But there is a caution with using Bitx or other rigs especially ones using homebrew crystal filters-- Farhan ships the Bitx40 kit with a 12 MHz filter. But if you read his websites there may be as many as three different Center Frequencies depending on the crystal sorting process. At his factory he mates the proper BFO crystal for that specific filter. BUT most likely it is not 12 MHz and typically less than 12 MHz. So you may need an external signal source for the BFO to find the exact and correct BFO frequencies and then use that data for the final sketch. I will use a known signal like 7.2 MHz and then with an external oscillator for the BFO dial in the exact BFO frequency to give the correct USB and LSB signal at 7.200 MHz. That data is then input to the sketch. In the case of commercial filters they are a bit more accurate as to Center frequency and you can just enter the data provided by the manufacturer.


      Like I said email me with your additional questions. By taking the time to learn how to use the wire listing and pin out info will give you a greater understanding of how this all plays. It is like giving a man a fish or teaching him to fish.

      73's


      Pete N6QW

      Pete N6QW

      Delete
  12. Your work is inspirational. Thank you Pete for taking the time
    and effort to share with everyone.

    73

    ReplyDelete
  13. Hi John,

    Thanks for your post and kind words. We live in an amazing time as homebrewers --lots of really cheap technology that add orders of magnitude to the capability of our rigs,


    73's
    Pete N6QW

    ReplyDelete
  14. Hi Pete,

    Very nice work and I know how much effort it takes to document and share this with the community. Keep it up!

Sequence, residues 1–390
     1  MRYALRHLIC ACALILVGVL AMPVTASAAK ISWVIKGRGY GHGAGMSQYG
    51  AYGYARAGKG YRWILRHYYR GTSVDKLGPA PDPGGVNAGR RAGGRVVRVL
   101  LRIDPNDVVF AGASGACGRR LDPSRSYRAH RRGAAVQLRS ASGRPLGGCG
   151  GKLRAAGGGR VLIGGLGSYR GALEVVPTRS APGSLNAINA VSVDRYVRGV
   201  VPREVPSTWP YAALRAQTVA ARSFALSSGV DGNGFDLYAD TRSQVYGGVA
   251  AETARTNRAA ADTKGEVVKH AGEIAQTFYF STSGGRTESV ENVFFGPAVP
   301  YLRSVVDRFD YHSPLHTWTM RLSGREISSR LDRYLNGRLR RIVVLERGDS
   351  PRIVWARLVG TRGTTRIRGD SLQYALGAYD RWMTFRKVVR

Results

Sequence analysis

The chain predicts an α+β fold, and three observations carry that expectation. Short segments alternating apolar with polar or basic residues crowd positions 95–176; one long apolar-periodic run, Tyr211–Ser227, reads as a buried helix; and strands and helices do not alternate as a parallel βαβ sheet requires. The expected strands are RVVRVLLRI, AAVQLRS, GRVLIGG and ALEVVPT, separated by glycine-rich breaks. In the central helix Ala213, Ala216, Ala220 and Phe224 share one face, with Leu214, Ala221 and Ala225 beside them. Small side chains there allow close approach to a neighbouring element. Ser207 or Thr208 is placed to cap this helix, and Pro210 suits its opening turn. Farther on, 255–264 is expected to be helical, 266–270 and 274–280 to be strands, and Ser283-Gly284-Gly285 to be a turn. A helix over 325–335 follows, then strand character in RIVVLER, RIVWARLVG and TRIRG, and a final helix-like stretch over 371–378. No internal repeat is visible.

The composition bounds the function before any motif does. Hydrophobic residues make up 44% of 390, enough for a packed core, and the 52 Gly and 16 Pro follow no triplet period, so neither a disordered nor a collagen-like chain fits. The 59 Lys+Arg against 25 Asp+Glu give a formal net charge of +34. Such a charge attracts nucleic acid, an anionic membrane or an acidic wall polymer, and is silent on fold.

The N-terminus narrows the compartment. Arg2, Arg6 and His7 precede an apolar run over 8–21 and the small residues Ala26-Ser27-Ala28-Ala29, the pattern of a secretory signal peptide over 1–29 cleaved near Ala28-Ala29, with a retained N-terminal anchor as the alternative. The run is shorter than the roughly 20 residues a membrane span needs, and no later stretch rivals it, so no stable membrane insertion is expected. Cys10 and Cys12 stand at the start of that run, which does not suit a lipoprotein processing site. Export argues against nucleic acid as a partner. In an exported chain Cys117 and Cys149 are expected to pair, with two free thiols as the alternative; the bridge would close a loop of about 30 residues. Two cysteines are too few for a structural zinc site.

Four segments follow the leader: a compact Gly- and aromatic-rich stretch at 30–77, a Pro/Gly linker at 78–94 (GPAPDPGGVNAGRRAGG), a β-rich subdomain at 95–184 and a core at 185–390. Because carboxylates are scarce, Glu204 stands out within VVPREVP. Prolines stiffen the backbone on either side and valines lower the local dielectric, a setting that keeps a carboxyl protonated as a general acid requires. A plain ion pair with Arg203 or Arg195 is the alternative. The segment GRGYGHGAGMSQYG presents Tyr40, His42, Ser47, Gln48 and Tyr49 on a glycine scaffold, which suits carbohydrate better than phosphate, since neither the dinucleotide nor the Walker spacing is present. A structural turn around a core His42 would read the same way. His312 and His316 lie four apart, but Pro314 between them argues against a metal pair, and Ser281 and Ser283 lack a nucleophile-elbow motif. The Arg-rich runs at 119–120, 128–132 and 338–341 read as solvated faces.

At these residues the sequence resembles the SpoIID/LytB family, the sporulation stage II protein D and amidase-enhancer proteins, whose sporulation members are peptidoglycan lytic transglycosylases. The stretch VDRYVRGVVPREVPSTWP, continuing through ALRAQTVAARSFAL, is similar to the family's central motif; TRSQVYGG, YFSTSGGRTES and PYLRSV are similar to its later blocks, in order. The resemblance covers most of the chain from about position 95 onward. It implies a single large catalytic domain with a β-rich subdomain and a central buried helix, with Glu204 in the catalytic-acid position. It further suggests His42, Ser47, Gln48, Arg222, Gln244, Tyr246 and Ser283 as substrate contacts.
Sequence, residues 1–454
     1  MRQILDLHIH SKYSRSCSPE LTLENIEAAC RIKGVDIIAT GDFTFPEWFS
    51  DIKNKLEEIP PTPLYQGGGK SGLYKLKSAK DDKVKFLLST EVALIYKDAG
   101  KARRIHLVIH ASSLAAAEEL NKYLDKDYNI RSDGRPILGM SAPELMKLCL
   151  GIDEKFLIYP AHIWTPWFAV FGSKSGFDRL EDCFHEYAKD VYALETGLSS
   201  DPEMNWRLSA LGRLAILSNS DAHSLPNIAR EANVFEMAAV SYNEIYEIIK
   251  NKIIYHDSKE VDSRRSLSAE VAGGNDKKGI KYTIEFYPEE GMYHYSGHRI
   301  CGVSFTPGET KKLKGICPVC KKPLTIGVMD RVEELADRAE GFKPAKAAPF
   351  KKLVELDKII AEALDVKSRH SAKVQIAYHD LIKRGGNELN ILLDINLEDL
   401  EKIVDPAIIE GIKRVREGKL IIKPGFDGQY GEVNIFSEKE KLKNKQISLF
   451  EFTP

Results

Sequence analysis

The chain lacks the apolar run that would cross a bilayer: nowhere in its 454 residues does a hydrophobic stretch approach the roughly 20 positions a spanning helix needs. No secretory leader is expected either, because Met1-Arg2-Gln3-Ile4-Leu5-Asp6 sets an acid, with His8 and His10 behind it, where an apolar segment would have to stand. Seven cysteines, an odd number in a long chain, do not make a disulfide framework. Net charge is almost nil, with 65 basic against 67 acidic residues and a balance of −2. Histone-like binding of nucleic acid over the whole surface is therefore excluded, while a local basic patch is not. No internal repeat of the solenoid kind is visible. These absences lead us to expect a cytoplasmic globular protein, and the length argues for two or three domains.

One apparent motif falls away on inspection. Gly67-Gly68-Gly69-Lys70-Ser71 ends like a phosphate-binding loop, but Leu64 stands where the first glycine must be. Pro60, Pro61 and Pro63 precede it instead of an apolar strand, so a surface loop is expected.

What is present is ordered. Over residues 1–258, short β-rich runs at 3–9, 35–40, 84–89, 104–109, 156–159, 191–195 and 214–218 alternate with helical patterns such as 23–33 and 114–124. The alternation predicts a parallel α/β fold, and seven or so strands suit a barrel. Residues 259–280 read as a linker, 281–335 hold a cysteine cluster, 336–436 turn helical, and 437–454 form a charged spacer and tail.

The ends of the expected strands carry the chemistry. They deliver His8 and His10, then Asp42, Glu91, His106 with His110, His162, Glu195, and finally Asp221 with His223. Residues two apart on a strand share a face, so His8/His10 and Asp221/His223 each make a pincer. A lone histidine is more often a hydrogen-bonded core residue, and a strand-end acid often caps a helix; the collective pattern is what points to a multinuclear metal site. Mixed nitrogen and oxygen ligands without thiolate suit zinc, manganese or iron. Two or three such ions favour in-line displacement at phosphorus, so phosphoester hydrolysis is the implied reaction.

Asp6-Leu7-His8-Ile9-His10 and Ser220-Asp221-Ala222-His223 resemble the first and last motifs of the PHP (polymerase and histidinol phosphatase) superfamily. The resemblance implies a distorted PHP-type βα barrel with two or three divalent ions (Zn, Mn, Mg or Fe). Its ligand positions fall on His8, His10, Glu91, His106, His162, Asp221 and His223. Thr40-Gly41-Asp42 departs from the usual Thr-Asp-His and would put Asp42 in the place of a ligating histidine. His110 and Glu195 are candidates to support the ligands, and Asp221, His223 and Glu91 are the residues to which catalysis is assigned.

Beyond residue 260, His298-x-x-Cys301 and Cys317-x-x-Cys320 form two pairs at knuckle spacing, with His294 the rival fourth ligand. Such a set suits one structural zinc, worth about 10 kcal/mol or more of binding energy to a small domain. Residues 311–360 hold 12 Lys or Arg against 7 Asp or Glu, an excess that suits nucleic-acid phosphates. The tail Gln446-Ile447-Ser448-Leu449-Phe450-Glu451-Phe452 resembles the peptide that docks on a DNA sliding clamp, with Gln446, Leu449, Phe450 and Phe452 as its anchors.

Your design made me a bit curious. The NE602/NE612/SA602/SA612 family of Gilbert Cell mixer based designs has many attractive features (low noise figure, etc.) but they always warn you of low dynamic range - IIP3 = -15 dBm, meaning you can't really get beyond -25 dBm input before things fall apart due to compression.

    So I continued: in your design, I don't see any RF preselectors and your page on the RF amp stage shows a simulation that is wide open above about 5 MHz with 20 dB of gain. For a 100 Hz wide bandwidth (e.g. CW signal), typical noise at 40 meters is about -100 dBm according to ITU-R. That gets increased to -80 dBm by your 20 dB front end. So if we keep the signals to -25 dBm max, we have 55 dB of headroom.

    This would tell me that a S9 signal or higher _anywhere_ in your input would start to cause the poor 602 to have headaches and behave badly.

    So if this is right, how do you protect the mixer on receive from strong signals causing birdies and other unfortunates? Or (more likely) what did I mess up? Did you see this behavior when testing the rig?

    Note that I just renewed my GQRP subscription so haven't seen your article writeup; apologies if it's already discussed there.

    Again, fantastic job.

    ReplyDelete
  15. Thanks Phil,

    I spent about 20 Minutes replying only to find out my comments didn't get uploaded. The real burden is that I am a two finger typist. So here I am again.

    Can only say listen to the two you tube videos that have both strong and weak signals --you might be able to hear overloading but I don't and neither do I hear any birdies or other junk.

    There is RF Preselection ahead of the IF Module in the form of a band pass filter. Thus the RF Amp is not "straight in". The RF Amp also has a pot on the output to provide a balance between just the right amount of RF gain while not terribly increasing the noise.

    The plots of the 40M and 20M BPF's are provided and as you can see -- nice curves and strong out of band attenuation.

    I did not specifically prepare any analysis such as you suggested. It works and works to my satisfaction. It is not a piece of laboratory instrumentation nor is it a slightly discounted ICOM 7300.


    But now that you have come this far why not build the IF Module and RF Amp and then judge for yourself of how good or not so good of a design.

    Thanks again for your posting.

    73's
    Pete N6QW

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    Replies
    1. Hi Pete,

      I missed the BP filter ahead of the IF module - that would do it. See; I knew I had messed up something! So as long as you don't have anybody strong within your BPF, things should be A-OK. I checked out the Youtube videos and sure enough, I don't hear anything weird which agrees with your analysis.

      Definitely worth a try - will do. Fun!

      73
      Phil W1PJE

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    2. Hi Phil,